There's a focus on communication, and then I'll stop talking about use with this last example. It's thinking about how we use and think about space broader than we ever have in the real estate industry. So, your experience when you go into the office, what you as a person experience is broader than what we in real estate have typically focused on, whether that is the needs that you have in the office, who you request from it, the food that you may want to have delivered into the office. All of that has an opportunity around experience and sustainability. Talked about investing in tech. And that's not just from a CIO's perspective of licensing tech. We actually have put our money where our mouth is by setting up a venture capital fund that's wholly owned by JLL called JLL SPARK.
We're making investments in emerging prop tech that benefits all of those examples that I just gave, and sustainability is a big pillar in that investment fund as we look for emerging proptech that we believe will make a big difference in our world from a sustainability perspective. So I said use, I said invest, and then I said help. I mentioned partnering earlier, sharing that expertise with others as they go on their journey. But there's also the learnings that you get back from all of those different industries and different use cases that you can then share with others. Because while there are some competitive advantages to focusing on sustainability, if we're going to create a better world for all of us, that also means that we need to be open to sharing some of our lessons learned and the technologies and the capabilities with everybody around us. So, I think those are the three areas that I'm especially proud to see JLL focus on in all of those areas – focus our learning, bring in new talent, but also help our clients, our prospective clients and our industry. It's a part of our foundation.
Liz Ramey (22:53):
I had written down a question to ask you about, you know, technology is kind of what's gotten us to the place where we're seeing climate change and the impact of industry. And I had written down ‘technology got us here, how is it going to get us out?’ But I think what I'm hearing from you is actually tech. If technology got us here, how is information going to get us out? It's the data piece, the information, the sharing of information, the use of information, just like you said, that's really going to help us progress through this and be better.
Eddy Wagoner (23:34):
So, I know what you're saying about technology got us here. And as I was listening to your question, this is a little bit of ad-libbing here, but I'm thinking, was it really technology that got us here? Or, was it we as people maybe not using technology as smart as we should have or maybe taking the long view point? I remember as a child, my dad telling me, take care of your toys because I'm not buying you another one. And it's kind of that life lesson about – take care of what you've got because you can't have another one. And what's more appropriate than the planet or our air or our water – take care of it because it's not like we can, you know, go get another one. So, I think it does come back a lot to the people perspective. You know, as a technologist, I still think there's great things about technology. There's great things that can enable it. But we also need to use it in a responsible way, whether it's the number of hours that I spend online or whether it's how I'm using technology to be more sustainable.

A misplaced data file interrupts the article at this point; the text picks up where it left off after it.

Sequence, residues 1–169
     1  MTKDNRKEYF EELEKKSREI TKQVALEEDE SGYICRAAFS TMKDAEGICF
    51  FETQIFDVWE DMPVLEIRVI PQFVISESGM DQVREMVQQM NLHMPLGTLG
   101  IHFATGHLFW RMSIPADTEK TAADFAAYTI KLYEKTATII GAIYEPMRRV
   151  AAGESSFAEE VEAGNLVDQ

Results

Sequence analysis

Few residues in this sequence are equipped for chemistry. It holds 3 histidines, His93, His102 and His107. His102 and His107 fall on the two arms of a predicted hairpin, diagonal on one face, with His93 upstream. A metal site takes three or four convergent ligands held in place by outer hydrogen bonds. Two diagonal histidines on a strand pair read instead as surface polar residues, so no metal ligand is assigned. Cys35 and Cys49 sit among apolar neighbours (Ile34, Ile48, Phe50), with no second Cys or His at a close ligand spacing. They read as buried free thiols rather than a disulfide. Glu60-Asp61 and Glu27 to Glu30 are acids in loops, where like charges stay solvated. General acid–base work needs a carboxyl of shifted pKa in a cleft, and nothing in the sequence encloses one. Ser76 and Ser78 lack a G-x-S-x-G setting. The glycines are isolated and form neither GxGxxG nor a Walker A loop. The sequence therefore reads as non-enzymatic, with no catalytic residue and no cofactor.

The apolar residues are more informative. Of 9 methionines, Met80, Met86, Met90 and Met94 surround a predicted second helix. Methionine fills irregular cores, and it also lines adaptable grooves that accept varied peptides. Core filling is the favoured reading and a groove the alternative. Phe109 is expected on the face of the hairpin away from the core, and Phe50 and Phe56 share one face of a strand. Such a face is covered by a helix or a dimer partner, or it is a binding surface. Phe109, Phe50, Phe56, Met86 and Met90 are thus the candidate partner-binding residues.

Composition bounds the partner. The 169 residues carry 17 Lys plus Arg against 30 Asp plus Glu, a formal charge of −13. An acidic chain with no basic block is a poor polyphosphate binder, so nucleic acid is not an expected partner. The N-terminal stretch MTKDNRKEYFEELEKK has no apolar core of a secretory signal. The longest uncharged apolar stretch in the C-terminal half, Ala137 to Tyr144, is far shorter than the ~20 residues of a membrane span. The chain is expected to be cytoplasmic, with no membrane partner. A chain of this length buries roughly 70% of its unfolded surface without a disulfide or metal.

Braeden Fair (24:29):
Well, when you're saying that, and, you know, there's so much benefit for focusing on this, and I try not to put my tinfoil hat on here when I ask this question here. But I can’t help but think, you know, out of all the pros of focusing on sustainability and how we can make the planet a better place, there is going to be a competitive advantage of, you know, one organization going against another and trying to be more sustainable or trying to focus a little bit how it's going to benefit their bottom line. I say all that to basically ask you, have you seen roadblocks along the way? When someone is focusing on this so often with companies that may not be as willing to share information or, you know, take a different approach to it. Have you seen that or is that something that you maybe anticipate could happen?